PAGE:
All you can really do is write the funniest joke that you can think of. Come up with a situation and be honest and truthful about the experiences you’re trying to depict. You just hope people get it. You roll the dice, and you do your best. Once you start talking about some of this stuff, I think a lot of it is relatable. The stuff that isn’t maybe relatable, it’s still interesting and entertaining.
Ed Helms’s character talks about ‘getting it’ in the last episode of season one. So when he and Michael Schur came to you and you started bouncing your ideas off of them, did they ‘get it’ right away in terms of what you wanted to do for Native representation?
I think so. Ed has talked a lot in interviews about how humbling this experience has been for him. He really went in thinking, ‘Oh, I mostly get it.’ Then talking to us and really depicting these stories, he really realized, ‘Oh, I have more to learn.’ I think that’s really an incredible thing to admit, especially for someone of his stature. When you get to be that famous, you don’t have to ask questions or be self reflective, you know? And he really is, and he really wants to make the smartest, funniest, most interesting show.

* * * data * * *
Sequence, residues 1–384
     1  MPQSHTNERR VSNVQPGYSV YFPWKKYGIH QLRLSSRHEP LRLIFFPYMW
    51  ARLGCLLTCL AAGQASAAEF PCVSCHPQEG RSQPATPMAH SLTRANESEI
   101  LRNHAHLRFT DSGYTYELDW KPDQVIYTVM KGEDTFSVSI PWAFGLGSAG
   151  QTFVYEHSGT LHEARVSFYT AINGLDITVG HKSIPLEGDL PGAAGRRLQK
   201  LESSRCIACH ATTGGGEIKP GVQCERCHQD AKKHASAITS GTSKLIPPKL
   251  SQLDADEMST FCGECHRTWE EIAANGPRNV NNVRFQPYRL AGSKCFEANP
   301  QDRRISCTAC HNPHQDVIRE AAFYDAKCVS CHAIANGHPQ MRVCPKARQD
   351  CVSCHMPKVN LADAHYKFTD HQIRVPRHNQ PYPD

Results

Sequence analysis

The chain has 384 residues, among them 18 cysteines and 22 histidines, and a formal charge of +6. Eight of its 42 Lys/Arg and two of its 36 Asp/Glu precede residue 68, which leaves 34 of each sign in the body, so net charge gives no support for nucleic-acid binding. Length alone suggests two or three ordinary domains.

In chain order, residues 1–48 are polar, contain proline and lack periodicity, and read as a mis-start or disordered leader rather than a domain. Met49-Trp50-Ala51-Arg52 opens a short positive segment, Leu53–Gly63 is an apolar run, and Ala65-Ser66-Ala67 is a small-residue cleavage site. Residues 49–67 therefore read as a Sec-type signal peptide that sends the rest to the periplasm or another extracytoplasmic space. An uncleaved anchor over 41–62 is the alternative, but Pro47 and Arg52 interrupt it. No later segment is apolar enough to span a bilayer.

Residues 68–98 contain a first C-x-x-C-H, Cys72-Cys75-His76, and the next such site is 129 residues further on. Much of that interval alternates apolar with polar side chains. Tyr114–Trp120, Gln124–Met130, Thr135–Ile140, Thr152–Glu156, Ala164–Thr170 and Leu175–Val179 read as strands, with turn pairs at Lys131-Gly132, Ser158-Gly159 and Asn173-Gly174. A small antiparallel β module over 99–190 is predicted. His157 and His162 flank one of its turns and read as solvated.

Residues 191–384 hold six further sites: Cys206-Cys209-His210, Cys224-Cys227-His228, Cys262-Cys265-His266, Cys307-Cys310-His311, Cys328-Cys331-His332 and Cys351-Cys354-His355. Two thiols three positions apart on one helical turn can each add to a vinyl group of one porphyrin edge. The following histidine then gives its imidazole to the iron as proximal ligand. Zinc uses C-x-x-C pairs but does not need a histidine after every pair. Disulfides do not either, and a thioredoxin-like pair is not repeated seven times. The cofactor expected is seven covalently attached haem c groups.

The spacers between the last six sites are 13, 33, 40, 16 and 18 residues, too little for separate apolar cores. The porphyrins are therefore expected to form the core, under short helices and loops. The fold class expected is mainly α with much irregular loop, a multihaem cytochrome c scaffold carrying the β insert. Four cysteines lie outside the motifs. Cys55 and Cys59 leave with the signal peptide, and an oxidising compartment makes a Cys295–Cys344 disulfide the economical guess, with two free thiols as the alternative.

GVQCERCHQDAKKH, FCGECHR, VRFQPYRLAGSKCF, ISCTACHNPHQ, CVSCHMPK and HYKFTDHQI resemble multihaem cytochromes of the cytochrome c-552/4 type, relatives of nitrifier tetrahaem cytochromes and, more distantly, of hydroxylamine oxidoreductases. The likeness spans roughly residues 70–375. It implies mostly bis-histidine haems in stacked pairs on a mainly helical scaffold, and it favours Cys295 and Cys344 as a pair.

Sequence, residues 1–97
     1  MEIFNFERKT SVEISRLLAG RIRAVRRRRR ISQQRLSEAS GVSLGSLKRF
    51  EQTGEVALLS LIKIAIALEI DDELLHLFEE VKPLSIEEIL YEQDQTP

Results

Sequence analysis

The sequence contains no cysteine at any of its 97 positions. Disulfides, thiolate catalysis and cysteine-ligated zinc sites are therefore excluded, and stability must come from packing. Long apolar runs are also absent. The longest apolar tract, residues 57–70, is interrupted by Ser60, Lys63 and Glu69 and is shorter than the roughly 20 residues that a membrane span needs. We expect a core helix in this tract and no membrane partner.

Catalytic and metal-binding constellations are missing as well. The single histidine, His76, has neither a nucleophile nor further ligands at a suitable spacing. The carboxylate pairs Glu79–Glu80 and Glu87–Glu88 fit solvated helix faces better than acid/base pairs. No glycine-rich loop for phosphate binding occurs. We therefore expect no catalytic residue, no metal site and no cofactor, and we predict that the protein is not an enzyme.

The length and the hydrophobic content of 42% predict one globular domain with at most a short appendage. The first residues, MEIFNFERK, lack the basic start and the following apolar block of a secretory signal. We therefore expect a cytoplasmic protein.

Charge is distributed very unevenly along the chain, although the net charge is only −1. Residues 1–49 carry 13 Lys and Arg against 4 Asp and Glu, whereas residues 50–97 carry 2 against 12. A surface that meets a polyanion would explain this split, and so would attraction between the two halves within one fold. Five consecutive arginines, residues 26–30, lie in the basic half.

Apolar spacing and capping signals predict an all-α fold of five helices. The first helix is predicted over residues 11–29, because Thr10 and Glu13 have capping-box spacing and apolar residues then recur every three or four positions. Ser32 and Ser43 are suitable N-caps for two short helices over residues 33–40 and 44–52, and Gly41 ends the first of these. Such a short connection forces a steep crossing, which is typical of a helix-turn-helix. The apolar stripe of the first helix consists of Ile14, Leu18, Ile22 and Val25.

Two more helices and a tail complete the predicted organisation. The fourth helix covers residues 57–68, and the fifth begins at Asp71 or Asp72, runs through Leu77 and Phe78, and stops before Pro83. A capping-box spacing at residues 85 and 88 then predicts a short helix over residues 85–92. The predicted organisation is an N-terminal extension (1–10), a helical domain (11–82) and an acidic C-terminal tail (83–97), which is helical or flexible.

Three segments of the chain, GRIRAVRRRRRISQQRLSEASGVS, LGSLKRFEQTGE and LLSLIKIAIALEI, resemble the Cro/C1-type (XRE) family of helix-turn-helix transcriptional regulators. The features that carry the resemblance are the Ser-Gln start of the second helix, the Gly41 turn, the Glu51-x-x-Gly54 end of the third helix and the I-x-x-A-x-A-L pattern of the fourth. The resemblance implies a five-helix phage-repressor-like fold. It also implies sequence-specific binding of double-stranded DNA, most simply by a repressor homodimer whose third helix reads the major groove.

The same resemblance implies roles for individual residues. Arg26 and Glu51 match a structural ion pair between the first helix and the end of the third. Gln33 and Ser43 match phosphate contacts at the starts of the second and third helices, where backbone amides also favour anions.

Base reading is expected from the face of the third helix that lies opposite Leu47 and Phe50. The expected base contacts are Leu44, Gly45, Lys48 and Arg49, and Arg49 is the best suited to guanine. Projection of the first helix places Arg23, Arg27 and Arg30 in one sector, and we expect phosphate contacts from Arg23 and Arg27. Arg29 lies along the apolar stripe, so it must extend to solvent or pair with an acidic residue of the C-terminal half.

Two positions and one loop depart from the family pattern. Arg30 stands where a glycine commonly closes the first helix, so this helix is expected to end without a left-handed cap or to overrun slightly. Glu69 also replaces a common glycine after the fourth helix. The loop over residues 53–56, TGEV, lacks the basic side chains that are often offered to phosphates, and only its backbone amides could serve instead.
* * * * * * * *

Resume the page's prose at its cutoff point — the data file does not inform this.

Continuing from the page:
If you have people working from that place, it’s just really going to always be a great collaboration because they’re not only thinking of themselves or their own characters, they’re thinking about the show as a whole. We push each other in different ways and ask different questions, but they were never afraid to follow a story, even if they had limited experience with the ideas of it or didn’t totally get it in the moment. They trusted the room to find the story.
Did the network ‘get it’ at all?
No, not necessarily. We ended up hiring Crystal Echo Hawk of IllumiNative just to kind of have another Native voice in the room when it came to the marketing or how to Indigenize the poster. They were always open. There’s always these tropes about executives versus writers. But fundamentally, if you are working in this industry, you love television, and you grew up living these shows, and there’s a shared language of television that you all have. While some things might be new or a little unknown, we all want to make the best show, and we’re all trying to make something great. Having a guiding light like Mike Schur where they trust him, it never hurts.